|Alcohol Screening and Follow-up for People with Serious Mental Illness (SMI)||Claims||Members 18 years of age and older with at least one inpatient visit or two outpatient visits for schizophrenia or bipolar I disorder, or at least one inpatient visit for major depression during the measurement year.||Members who were screened for unhealthy alcohol use and received two events of counseling if identified as an unhealthy alcohol user.|
|Tobacco Use Screening and Follow-up for People with Serious Mental Illness or Alcohol and Other Drug Dependence||Claims||· SMI: Members 18 years of age and older with at least one inpatient visit or two outpatient visits for schizophrenia or bipolar I disorder, or at least one inpatient visit for major depression during the measurement year.
· AOD: All members 18 years of age or older as of December 31 of the measurement year with any diagnosis of alcohol or other drug dependence during the measurement year.
|· SMI: Members who were screened for tobacco use and received follow-up care if identified as a current tobacco user.
· AOD: Members who were screened for tobacco use and received follow-up care if identified as a current tobacco user.
|Body Mass Index Screening and Follow-up for People with Serious Mental Illness||Claims||Members 18 years of age and older with at least one inpatient visit or two outpatient visits for schizophrenia or bipolar I disorder, or at least one inpatient visit for major depression during the measurement year.||Members who had calculated body mass index documented and were provided two events of follow-up care if body mass index was greater than or equal to 30 kg/m2. Follow-up includes:
· Two events of counseling, on different dates, for weight management (such as nutrition or exercise counseling) or
· One event of counseling and one fill of medication (Orlistat) for weight management.
|Controlling High Blood Pressure for People with Serious Mental Illness||Claims||Members 18-85 years of age with at least one acute inpatient visit or two outpatient visits for schizophrenia or bipolar I disorder, or at least one inpatient visit for major depression during the measurement year AND a diagnosis of hypertension.||Members whose most recent blood pressure (BP) was adequately controlled (after the diagnosis of hypertension) based on the following criteria:
· Members 18-59 years of age whose BP was <140/90 mm Hg.
· Members 60-85 years of age and flagged with a diagnosis of diabetes whose BP was <140/90 mm Hg.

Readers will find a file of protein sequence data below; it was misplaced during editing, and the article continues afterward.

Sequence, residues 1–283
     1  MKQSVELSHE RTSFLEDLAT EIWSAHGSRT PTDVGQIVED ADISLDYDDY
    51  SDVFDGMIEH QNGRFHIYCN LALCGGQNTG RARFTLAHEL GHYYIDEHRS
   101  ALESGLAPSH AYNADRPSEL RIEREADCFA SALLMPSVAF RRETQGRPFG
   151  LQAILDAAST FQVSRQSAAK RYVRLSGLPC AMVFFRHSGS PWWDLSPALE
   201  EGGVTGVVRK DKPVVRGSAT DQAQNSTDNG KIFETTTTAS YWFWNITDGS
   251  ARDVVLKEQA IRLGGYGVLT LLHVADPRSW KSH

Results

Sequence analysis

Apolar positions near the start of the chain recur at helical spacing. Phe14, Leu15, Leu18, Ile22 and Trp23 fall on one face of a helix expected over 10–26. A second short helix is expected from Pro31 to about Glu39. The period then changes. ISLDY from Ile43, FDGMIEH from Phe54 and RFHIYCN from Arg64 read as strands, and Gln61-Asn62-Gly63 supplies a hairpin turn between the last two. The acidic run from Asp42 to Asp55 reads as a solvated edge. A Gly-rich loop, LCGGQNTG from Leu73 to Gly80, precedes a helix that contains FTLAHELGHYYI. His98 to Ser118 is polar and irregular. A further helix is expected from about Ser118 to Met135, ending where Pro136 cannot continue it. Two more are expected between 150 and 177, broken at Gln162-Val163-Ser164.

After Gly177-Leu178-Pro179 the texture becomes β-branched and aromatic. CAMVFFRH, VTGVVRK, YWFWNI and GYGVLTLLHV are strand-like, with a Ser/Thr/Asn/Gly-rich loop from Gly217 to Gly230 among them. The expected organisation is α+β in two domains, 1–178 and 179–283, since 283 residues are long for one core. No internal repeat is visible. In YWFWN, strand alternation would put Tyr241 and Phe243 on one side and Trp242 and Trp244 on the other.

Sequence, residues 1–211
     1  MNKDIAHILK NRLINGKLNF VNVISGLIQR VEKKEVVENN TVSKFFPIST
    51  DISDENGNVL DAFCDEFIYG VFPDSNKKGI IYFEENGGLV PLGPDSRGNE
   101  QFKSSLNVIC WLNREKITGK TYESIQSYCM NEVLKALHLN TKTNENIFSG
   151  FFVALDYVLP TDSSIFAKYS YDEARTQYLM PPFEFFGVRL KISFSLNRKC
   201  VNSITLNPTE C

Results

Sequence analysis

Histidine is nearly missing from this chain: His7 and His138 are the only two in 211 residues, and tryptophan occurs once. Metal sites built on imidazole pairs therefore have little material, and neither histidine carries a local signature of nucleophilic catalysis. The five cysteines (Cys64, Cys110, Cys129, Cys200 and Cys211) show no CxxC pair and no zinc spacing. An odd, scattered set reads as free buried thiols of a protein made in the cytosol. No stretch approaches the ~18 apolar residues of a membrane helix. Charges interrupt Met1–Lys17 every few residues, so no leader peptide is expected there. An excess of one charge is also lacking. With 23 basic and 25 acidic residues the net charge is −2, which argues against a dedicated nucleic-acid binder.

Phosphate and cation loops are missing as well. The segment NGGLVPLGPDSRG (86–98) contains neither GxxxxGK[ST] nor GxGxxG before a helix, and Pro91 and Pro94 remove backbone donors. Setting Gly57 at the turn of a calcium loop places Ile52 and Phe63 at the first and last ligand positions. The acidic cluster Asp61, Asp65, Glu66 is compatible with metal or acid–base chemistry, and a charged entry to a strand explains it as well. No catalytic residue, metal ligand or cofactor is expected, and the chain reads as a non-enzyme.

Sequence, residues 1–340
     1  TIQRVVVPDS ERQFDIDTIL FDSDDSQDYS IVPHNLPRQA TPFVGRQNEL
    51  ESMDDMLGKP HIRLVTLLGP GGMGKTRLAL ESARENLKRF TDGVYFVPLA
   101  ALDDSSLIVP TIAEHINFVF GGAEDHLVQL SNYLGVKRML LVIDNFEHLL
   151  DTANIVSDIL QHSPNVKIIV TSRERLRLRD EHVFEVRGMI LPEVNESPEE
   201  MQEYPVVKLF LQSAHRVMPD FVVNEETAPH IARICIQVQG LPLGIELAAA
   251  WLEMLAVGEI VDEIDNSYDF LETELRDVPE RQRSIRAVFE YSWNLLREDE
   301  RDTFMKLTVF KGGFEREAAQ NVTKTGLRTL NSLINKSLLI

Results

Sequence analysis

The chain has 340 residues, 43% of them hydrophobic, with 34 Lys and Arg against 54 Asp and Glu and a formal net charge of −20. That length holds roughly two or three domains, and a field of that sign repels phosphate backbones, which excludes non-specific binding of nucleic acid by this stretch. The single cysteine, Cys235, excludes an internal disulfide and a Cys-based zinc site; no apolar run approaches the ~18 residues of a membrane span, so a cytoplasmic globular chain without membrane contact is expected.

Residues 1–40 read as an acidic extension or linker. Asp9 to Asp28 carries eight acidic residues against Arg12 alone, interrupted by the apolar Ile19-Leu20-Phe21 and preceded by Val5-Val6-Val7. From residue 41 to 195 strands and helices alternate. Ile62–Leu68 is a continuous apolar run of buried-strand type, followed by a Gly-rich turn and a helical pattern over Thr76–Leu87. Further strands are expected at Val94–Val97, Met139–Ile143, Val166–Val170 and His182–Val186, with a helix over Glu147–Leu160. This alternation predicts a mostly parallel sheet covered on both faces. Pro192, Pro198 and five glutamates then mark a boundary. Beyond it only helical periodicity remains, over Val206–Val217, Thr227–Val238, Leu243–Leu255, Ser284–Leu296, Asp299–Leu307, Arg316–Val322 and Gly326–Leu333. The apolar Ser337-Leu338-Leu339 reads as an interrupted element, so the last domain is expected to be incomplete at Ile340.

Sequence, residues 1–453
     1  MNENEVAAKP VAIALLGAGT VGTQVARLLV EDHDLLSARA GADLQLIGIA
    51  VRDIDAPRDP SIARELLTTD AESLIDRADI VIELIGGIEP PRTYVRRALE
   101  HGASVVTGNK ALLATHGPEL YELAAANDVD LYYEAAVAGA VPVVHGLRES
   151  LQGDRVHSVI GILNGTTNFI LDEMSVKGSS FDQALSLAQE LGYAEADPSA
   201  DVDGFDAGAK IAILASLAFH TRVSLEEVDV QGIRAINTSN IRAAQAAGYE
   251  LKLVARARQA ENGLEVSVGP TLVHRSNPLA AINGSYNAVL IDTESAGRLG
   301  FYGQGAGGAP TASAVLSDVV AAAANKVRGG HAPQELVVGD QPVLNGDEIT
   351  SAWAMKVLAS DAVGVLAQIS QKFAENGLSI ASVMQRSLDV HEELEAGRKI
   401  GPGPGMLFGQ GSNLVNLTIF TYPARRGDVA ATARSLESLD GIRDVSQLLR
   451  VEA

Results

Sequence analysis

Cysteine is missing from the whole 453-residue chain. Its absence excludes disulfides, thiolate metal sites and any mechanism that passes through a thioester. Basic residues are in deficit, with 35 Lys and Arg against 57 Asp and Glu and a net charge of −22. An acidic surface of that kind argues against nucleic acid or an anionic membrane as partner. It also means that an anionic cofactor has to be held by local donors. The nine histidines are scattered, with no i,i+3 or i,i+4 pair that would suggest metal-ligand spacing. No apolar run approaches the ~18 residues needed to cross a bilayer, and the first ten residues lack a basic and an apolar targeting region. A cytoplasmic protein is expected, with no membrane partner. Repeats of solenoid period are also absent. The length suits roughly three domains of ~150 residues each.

· Members 60-85 years of age and flagged as not having a diagnosis of diabetes whose BP was <150/90 mm Hg.
|Comprehensive Diabetes Care for People with Serious Mental Illness: Hemoglobin A1c (HbA1c) Testing||Claims||Members 18-75 years of age with at least one acute inpatient visit or two outpatient visits for schizophrenia or bipolar I disorder, or at least one inpatient visit for major depression during the measurement year AND diabetes (type 1 and type 2).||Members who had an HbA1c test performed.|
|Comprehensive Diabetes Care for People with Serious Mental Illness: Hemoglobin A1c (HbA1c) Poor Control (>9.0%)||Claims||Members 18-75 years of age with at least one acute inpatient visit or two outpatient visits for schizophrenia or bipolar I disorder, or at least one inpatient visit for major depression during the measurement year AND diabetes (type 1 and type 2).||Members whose most recent HbA1c level was greater than 9.0% or was missing a result, or for whom an HbA1c test was not done.|
|Comprehensive Diabetes Care for People with Serious Mental Illness: Medical Attention to Nephropathy||Claims||Members 18-75 years of age with at least one acute inpatient visit or two outpatient visits for schizophrenia or bipolar I disorder, or at least one inpatient visit for major depression during the measurement year AND diabetes (type 1 and type 2).||Members who received a nephropathy screening test or had evidence of nephropathy.|
|Comprehensive Diabetes Care for People with Serious Mental Illness: Blood Pressure Control (<140/90 mm Hg)||Claims||Members whose most recent blood pressure screening result was <140/90mm Hg.|
|Comprehensive Diabetes Care for People with Serious Mental Illness: Hemoglobin A1c (HbA1c) Control (<8.0%)||Claims||Members whose most recent HbA1c level was less than 8.0%.|
|Comprehensive Diabetes Care for People with Serious Mental Illness: Eye Exam||Claims||Members 18-75 with at least 1 acute inpatient visit or 2 outpatient visits for schizophrenia or bipolar disorder, or at least 1 inpatient visit for major depression during the measurement year AND diabetes (type 1 and type 2).||Members who received an eye exam.|
 HEDIS – the Healthcare Effectiveness and Data Information Set, is a registered trademark of NCQA.
 Please see Appendix A for a full list of HEDIS behavioral and related measures.
 NCQA Comments on CMS Request for Information on Data Differences in Medicare Advantage and Part D Star Rating Quality Measurements for Dual-eligible vs. Non-dual Eligible Enrollees, November 3, 2014.
 NCQA-Accredited Medicare Advantage Plans Perform Better Fact Sheet, NCQA, 2017.